Mechanical solidarity at work or play?

In The Division of Labor in Society, Emile Durkheim writes about occupational groups as a source of community in modern societies. In his language, we might consider these occupational groups as reservoirs of mechanical solidarity in a mass society characterized by organic solidarity. I’ve never thought very seriously about this; mostly because I’ve assumed it’s just wrong. I belong to the American Sociological Association, and I’m happy to, but the ASA doesn’t feel like community to me. I rejoined this year after letting my membership lapse for several years. I joined as a grad student because I was told I should be part of the ‘profession’ if I wanted a good start to a ‘career.’ It wasn’t about joining a community for the sake of being part of a community, and then the meetings felt more like competitive exclusion than religious harmony. I rejoined primarily because Twitter has put me in touch with networks of sociologists and scholars in other disciplines, and those connections have made me feel a bit more connected to the discipline, and the academic-world in general, than I had recently. So, my renewed membership in ASA was really a consequence of feeling part of the community (if that’s the right word) of scholars . Maybe the ASA meetings in New York this summer will create that rare but great feeling of collective effervescence Durkheim tells us is the result of collectively celebrating our morality and social order. Maybe.

If I was asked about the totem of my tribe, I’d not show you my ASA lanyards. Instead I’d show this picture:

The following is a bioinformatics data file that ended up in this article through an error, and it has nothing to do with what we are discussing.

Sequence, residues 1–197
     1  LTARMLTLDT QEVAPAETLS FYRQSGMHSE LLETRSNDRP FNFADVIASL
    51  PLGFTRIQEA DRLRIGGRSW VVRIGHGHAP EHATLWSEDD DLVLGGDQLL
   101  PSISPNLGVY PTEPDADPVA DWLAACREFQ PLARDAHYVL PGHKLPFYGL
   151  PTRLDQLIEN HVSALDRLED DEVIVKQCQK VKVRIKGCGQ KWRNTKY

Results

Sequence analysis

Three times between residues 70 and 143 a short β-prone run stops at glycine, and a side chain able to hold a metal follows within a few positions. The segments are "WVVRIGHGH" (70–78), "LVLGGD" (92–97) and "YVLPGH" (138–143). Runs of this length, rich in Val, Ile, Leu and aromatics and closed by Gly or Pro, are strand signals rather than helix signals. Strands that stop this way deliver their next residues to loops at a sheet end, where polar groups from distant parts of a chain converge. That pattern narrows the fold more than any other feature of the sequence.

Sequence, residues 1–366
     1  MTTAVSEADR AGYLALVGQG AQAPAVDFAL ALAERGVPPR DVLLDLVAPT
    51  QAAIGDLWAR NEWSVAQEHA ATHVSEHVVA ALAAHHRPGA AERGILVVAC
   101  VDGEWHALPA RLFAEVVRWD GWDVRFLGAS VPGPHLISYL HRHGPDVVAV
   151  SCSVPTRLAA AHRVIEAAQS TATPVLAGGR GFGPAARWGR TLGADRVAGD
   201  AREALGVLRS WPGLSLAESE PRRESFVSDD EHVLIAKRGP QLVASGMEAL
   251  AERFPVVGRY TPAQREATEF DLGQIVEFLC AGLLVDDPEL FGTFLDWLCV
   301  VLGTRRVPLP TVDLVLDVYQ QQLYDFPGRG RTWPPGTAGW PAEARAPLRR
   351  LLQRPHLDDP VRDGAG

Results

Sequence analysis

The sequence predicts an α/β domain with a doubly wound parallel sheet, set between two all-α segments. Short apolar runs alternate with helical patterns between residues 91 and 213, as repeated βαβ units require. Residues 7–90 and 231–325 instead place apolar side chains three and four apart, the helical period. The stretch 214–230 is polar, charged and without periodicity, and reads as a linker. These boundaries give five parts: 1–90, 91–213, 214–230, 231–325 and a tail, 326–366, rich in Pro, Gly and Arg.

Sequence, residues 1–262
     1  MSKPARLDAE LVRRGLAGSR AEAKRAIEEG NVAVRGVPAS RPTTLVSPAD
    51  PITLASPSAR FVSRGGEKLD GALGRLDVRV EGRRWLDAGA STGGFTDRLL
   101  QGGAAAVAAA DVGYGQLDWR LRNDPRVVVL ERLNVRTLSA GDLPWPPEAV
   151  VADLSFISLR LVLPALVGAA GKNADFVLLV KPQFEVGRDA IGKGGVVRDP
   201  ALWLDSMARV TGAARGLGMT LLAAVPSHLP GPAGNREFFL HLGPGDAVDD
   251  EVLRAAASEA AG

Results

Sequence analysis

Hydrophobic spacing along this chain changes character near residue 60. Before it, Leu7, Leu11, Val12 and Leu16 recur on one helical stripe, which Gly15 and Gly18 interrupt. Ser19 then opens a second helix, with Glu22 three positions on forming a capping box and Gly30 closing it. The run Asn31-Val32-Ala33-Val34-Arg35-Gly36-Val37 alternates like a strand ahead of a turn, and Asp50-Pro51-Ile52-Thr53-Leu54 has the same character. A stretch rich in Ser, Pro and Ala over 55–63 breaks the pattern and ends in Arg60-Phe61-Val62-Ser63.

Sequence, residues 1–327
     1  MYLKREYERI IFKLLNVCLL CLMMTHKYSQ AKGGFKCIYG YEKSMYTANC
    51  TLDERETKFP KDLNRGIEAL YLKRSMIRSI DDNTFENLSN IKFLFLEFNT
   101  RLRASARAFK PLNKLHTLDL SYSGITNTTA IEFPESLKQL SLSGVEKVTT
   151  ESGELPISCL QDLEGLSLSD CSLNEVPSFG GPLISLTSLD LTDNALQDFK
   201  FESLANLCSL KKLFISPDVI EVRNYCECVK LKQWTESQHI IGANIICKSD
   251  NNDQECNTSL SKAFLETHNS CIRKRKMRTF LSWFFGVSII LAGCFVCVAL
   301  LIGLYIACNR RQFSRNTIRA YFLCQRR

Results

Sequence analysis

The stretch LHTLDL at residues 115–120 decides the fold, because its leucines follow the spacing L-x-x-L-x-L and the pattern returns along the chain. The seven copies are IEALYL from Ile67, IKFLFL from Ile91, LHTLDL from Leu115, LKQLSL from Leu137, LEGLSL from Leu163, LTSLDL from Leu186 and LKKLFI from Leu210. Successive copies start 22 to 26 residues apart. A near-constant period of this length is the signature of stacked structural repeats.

In my tribe.

In my tribe.

There you see a UW-Whitewater disc golf disc and a WTFpod coffee mug. Last year I started playing disc golf, and I’ve really gotten into it. Just looking at the disc gives a bit of the joy I get from playing a round, and I’m at least marginally involved in the local disc golf community. The image on the disc is the sacred animal of my alma mater UW-Whitewater – the Warhawks. The coffee mug images are Marc Maron, the host of WTF, and one of his cats (I don’t think that’s Boomer – the sacred animal of the WTF community). Downloading and listening to the twice weekly podcast renews my feeling of connection to the WTF community and is one of my favorite rituals, and I take pride in knowing the significance of the phrase ‘Boomer Lives!’ when I know not everybody does.

So, I don’t know, are these symbols of communities that give me a little feeling of mechanical solidarity in our modern age? If so, then they are decidedly leisure activities, not occupational.

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